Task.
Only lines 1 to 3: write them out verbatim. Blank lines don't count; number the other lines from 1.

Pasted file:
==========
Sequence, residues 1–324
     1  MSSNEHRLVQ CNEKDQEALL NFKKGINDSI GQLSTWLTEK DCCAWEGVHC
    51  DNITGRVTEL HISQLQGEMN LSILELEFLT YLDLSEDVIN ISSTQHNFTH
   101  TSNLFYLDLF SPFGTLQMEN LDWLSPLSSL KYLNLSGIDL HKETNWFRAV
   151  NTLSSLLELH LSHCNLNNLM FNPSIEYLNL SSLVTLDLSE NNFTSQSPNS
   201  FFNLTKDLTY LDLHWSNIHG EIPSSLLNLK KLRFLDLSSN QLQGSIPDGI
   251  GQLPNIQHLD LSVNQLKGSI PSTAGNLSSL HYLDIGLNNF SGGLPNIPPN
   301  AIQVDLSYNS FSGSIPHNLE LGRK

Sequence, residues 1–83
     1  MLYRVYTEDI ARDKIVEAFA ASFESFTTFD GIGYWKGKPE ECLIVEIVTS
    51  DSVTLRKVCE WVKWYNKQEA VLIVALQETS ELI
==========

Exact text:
Sequence, residues 1–324
     1  MSSNEHRLVQ CNEKDQEALL NFKKGINDSI GQLSTWLTEK DCCAWEGVHC
    51  DNITGRVTEL HISQLQGEMN LSILELEFLT YLDLSEDVIN ISSTQHNFTH